WINNIPEG — The Manitoba government is seeking a judicial review of a human rights ruling involving health care provided to a disabled boy in a First Nations community.
Indigenous and Northern Relations Minister Eileen Clarke says the federal government is responsible for health care on reserves and the ruling has confused the issue.
Last month, a Manitoba human rights adjudicator ruled the province discriminated against Alfred (Dewey) Pruden by not providing adequate health care and ordered it to pay the boy and his mother $42,500.
Pruden was born with a neurological disorder, is on the autism spectrum and suffers from vision loss and poor motor skills.
The hearing was told the province provided some health care services but denied others on the basis that the federal government is responsible for health care in First Nations communities.
Adjudicator Robert Dawson said Pruden, who's a member of the Pinaymootang First Nation, 220 kilometres northwest of Winnipeg, received less help than a non-Indigenous person in his situation would have.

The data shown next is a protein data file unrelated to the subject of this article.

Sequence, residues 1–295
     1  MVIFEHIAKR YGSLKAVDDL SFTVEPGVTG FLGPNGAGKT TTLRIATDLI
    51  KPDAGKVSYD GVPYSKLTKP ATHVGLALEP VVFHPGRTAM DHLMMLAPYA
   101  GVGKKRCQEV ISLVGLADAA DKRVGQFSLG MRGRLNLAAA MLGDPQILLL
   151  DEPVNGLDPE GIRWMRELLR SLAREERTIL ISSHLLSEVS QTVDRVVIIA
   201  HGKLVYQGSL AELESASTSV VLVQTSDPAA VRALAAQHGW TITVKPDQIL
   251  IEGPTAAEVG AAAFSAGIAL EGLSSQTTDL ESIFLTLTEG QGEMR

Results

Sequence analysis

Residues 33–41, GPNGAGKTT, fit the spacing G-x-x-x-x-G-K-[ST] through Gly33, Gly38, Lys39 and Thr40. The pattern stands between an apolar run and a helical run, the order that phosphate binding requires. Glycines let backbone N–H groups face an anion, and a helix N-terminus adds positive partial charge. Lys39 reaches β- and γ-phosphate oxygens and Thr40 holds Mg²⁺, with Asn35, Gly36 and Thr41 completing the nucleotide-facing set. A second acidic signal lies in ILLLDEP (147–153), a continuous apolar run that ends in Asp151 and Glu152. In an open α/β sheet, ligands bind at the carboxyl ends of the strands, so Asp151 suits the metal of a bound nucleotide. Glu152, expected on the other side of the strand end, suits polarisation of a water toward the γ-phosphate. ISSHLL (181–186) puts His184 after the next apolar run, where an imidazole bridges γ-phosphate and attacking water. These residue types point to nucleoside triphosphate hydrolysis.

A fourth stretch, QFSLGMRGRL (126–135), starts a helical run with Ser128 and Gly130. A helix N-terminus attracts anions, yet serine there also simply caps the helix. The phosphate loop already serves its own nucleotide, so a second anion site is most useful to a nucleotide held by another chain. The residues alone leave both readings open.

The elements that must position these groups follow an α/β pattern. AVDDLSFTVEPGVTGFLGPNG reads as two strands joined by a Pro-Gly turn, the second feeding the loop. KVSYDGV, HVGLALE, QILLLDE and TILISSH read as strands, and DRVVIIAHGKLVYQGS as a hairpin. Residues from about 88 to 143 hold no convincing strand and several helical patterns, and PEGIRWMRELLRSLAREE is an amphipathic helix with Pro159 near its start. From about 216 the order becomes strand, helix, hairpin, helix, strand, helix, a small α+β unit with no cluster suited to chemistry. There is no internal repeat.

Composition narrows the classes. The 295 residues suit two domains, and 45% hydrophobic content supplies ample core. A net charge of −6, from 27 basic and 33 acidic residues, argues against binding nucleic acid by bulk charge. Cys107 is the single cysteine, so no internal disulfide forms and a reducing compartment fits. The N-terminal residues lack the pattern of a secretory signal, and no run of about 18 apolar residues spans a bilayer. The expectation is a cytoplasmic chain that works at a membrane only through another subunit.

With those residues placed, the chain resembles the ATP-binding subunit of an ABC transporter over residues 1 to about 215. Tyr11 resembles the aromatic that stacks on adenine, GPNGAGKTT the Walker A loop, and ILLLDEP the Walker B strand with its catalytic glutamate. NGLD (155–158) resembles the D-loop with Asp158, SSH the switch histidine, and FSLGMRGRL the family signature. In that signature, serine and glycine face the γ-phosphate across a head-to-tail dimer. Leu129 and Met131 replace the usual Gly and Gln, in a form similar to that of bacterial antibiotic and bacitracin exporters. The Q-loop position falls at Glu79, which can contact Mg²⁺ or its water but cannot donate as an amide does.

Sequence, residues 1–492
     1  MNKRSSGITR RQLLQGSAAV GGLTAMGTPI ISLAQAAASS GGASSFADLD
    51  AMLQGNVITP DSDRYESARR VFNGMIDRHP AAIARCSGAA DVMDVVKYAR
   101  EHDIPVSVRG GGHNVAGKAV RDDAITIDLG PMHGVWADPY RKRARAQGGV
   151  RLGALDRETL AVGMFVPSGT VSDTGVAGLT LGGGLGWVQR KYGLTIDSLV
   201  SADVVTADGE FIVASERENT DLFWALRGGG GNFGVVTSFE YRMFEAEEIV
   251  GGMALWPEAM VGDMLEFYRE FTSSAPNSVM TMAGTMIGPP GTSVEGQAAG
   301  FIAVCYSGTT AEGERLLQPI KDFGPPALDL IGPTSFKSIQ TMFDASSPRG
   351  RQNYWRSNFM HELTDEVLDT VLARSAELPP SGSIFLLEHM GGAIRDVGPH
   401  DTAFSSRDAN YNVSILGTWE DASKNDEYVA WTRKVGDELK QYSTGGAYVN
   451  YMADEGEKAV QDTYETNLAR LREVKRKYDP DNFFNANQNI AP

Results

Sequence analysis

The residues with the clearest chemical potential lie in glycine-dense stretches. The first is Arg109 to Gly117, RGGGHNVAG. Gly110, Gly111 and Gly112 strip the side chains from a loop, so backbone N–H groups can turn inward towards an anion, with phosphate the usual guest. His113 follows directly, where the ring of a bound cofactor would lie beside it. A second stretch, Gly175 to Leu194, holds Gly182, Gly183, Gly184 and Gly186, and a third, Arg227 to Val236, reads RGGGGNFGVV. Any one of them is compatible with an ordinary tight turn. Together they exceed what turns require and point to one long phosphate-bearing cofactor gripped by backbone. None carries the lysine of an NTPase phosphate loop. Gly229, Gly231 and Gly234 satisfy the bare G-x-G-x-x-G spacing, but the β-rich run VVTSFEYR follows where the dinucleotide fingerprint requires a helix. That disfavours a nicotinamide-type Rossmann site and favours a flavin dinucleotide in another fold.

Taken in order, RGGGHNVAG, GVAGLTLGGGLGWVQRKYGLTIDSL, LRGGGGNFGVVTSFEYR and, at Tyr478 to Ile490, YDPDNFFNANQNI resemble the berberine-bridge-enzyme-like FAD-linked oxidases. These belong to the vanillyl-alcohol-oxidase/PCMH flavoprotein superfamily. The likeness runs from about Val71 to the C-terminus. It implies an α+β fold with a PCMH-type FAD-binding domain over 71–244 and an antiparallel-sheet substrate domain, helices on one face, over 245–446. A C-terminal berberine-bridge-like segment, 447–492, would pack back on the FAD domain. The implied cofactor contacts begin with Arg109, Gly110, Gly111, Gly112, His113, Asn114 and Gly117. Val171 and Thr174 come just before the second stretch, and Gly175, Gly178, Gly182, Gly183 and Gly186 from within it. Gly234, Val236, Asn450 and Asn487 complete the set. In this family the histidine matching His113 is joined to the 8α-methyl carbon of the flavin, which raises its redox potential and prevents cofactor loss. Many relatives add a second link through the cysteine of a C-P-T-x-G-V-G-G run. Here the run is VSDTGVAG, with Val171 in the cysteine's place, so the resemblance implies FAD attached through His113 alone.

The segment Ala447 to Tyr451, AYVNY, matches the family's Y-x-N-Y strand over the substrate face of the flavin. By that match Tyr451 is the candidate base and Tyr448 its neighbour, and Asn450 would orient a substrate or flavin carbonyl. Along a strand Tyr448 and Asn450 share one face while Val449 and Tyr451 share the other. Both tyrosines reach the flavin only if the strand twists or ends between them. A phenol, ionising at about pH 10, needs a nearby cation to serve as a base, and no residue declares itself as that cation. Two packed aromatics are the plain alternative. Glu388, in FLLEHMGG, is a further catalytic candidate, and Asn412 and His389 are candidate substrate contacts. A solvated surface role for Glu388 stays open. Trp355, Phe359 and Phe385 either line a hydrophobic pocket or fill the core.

Clarke said the province will pay Pruden's family the money and offer health services until the judicial review is heard.
"All Manitobans deserve to know what services they can access when they need them, and we believe this ruling confuses rather than clarifies which level of government is responsible for providing health care and related services to First Nations people living on reserve," Clarke said in a news release Wednesday.
"Canada has assumed responsibility for providing health-care funding for reserves in recognition of its historical relationship with First Nations people, and it’s now time to also own its role to bridge the health gap between those living on reserve and other Canadians."
This report by The Canadian Press was first published on Sept. 16, 2020.
The Canadian Press